What does an occasional lease contract broadly consist of?
My colleague’s contract is a sixteen-page document. It contains all the specific and general terms of lease which one would expect to find in a standard rental contract. Clauses relate to:
- the delivery of the premises to the lessee
- duration of the agreement
- information about the rent, security deposit and administrative fees
- the lessee’s rights and obligations
- the lessor’s rights and obligations
- lease agreement termination
- return of the premises
- final provisions
Execution of a demand to vacate the premises
Things begin to get interesting in section 9 of my colleague’s contract. This section is titled: Execution of a demand to vacate the premises.
Now, we come to the aforementioned declaration of submission to enforcement which a tenant has to sign at the notary public.
The first annex of four is the lessee’s declaration of submission to enforcement in connection with the occasional lease agreement (oświadczenie o poddaniu się egzekucji). This is a declaration in the form of a notarial deed, in which the lessee subjects himself to enforcement. In other words, the lessee undertakes to vacate and surrender the premises within a specified time limit.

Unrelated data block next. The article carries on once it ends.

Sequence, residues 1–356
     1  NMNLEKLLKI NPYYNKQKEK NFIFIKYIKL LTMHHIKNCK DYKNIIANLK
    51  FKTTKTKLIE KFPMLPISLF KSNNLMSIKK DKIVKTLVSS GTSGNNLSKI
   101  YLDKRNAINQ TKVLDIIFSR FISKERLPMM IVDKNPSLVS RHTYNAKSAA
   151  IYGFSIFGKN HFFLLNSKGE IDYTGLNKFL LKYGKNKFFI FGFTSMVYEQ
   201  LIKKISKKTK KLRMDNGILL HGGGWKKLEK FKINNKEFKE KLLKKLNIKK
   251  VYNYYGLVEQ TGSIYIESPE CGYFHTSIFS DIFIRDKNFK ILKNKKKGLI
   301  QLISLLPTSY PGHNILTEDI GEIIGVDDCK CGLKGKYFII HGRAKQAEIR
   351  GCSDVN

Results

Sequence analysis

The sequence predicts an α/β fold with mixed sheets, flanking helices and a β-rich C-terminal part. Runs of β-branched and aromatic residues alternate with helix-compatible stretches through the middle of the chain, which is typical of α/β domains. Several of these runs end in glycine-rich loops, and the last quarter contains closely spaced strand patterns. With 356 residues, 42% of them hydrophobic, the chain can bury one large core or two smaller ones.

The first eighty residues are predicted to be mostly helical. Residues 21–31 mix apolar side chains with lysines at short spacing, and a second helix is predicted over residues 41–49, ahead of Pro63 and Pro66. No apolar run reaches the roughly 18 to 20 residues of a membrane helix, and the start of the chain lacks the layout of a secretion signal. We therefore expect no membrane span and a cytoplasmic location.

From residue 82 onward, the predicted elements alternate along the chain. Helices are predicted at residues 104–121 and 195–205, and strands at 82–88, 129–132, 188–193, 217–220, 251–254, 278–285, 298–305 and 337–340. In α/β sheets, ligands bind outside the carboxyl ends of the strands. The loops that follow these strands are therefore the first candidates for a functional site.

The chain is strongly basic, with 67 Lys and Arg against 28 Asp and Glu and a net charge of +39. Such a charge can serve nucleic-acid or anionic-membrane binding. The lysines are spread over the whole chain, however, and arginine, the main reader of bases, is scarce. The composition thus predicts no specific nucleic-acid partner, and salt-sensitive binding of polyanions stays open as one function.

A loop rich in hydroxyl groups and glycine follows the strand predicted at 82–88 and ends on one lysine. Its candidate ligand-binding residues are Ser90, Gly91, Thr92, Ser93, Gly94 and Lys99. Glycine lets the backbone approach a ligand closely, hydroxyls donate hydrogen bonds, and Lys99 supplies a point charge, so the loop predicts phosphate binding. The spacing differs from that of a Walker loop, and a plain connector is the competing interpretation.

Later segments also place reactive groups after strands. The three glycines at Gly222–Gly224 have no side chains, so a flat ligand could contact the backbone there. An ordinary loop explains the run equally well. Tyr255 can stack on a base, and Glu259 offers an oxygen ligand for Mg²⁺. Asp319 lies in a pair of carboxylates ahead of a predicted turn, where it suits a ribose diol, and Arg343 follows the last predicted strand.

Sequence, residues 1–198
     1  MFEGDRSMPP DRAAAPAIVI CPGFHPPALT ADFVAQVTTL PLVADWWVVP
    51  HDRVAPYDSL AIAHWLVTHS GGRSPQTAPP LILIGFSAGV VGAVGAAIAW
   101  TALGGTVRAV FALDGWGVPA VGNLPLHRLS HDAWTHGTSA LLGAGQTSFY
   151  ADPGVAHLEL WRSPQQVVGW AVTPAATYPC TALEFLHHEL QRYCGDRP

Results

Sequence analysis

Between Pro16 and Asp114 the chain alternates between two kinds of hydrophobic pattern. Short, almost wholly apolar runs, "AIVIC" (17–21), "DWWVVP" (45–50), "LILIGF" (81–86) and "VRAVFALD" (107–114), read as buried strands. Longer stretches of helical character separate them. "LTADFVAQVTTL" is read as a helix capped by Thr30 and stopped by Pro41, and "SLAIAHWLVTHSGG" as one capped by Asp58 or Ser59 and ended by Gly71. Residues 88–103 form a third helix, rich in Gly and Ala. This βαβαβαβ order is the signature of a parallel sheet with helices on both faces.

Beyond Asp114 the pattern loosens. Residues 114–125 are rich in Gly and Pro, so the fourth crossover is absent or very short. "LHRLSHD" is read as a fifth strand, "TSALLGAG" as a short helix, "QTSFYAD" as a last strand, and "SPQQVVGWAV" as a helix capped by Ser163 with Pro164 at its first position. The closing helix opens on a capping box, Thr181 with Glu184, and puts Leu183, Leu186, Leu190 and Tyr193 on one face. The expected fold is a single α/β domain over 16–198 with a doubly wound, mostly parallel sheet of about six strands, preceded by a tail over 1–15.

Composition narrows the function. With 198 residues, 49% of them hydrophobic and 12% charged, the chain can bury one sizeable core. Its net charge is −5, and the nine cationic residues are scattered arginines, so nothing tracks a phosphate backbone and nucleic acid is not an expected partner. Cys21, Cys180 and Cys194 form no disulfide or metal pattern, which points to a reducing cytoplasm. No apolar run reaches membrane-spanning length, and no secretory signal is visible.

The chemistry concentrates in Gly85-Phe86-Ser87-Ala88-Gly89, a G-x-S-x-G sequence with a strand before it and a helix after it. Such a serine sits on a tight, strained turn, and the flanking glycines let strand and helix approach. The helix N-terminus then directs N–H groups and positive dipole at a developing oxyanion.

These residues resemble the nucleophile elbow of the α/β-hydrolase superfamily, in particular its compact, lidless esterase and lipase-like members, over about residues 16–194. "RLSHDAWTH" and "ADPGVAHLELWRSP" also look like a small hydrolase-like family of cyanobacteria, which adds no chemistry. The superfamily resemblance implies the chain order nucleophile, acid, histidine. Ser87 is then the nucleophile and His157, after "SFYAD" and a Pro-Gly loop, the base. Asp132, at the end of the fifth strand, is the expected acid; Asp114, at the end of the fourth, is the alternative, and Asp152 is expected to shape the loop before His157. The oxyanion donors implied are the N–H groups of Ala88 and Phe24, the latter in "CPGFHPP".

In the contract, point 4 of section 9 states that:
After the expiry or termination of the Agreement, if the Lessee has not voluntarily emptied the Premises, the Lessor shall deliver to the Lessee a written request to vacate the Premises along with an indication of the date in which the Lessee and the persons residing with him shall empty the Premises. The above-mentioned date shall not be shorter than 7 days from the date of delivery of the request.
In the event of an ineffective expiry of the time limit referred to in point 4, the lessor has the right to submit to the court an application for granting an enforcement clause to the aforementioned notarial deed.
The court will consider a request within three days, after which an expedited eviction procedure will begin. This may occur during the winter months, something which a standard lease contract does not allow by law. Moreover, neither minors nor pregnant women are protected against any potential eviction procedure.
Which other statements relate to the execution of demand to vacate the premises?
The second annex is a statement containing the lessee’s indication of another premises in which the tenants will be able to reside in the event of execution of the demand to vacate the rented premises. This is referred to as Wskazanie przez Najemcę innego lokalu in Polish. For this, the lessee wrote and signed a handwritten declaration.
The third annex is a declaration of consent to the lessee’s residence in another premises (oświadczenie o wyrażeniu zgody na zamieszkanie najemcy w innym lokalu). Here, the owner of the premises referred to in the second annex provided consent to the residence of the tenants should they be evicted.